The babies are born!

Long time has passed since the last post in our blog. Were we sleeping?
Not really.
We were just busy in cooperating with OneShield UTM manufacturer and we were thinking that facts are better than words.
As previously announced online and through conferences, WabiSabiLabi was selected by Delemont Technology as a 0day signatures contributor for a new generation of UTM (Universal Threat Management) appliances.
You'll be able to find all the technical details here.

There are already four different models of OneShield UTM appliances, they are all ready to be deployed to defend your network and a fifth one is on its way. As you can see from the pictures below, the appliances are now a reality, thanks to the effort of Delemont Technology (located in the Venice Gateway for Science and Technology) which is the owner of the OneShield brand, the Eurotech Group, which is the hardware provider and WabiSabiLabi backed up by the private security researchers community, which will contribute to the applaince 0day signatures packs.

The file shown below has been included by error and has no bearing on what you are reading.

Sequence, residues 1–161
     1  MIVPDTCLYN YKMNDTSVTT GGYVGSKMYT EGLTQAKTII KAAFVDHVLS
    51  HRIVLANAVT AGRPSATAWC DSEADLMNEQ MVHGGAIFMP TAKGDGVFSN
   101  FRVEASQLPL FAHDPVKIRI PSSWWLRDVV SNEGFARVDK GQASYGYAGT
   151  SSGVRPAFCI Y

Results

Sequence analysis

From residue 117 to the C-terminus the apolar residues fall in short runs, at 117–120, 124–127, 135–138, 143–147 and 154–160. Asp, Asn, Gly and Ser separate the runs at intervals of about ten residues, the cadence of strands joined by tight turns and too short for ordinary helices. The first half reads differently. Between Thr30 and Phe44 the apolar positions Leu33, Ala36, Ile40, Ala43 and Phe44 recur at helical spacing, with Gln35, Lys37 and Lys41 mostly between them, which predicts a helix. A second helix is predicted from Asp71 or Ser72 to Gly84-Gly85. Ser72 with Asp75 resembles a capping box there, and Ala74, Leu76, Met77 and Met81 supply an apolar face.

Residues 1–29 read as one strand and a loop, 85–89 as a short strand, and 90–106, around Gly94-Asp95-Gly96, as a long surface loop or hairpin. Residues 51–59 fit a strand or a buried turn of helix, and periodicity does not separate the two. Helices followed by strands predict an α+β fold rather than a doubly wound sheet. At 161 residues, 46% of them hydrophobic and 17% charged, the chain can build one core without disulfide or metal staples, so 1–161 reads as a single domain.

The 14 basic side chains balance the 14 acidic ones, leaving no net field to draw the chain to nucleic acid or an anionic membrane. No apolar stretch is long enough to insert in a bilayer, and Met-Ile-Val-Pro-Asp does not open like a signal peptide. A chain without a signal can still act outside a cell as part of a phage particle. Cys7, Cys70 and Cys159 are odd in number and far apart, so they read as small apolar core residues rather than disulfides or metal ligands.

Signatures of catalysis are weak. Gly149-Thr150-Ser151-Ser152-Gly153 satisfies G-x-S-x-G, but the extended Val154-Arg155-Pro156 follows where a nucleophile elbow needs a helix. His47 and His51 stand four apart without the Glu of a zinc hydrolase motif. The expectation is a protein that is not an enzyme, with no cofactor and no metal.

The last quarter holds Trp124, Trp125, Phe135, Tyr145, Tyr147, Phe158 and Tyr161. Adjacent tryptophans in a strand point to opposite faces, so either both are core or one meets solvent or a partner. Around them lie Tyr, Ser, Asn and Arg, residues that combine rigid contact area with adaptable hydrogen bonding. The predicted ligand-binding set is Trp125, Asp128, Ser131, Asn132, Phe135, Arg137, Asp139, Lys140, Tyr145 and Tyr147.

More details about the appliances and the security researchers rewarding scheme behind them will be disclosed at the HITB security conference (Oct. 27th - 30th - Kuala Lumpur - Malaysia), where curious people, journalists, prospect clients and distributors will be able to touch them.

Meanwhile, enjoy them in a live test installation.

For more information about the OneShield UTM appliances you are welcome to contact OneShield's Development Manager Mr. Alberto Boratto: a.boratto [at] delemont.com


SecurityFocus: we can't believe our eyes

Recently on SecurityFocus (read: Symantec) appeared an article written by Jamie Reid, a privacy, security and risk consultant to healthcare agencies in Toronto.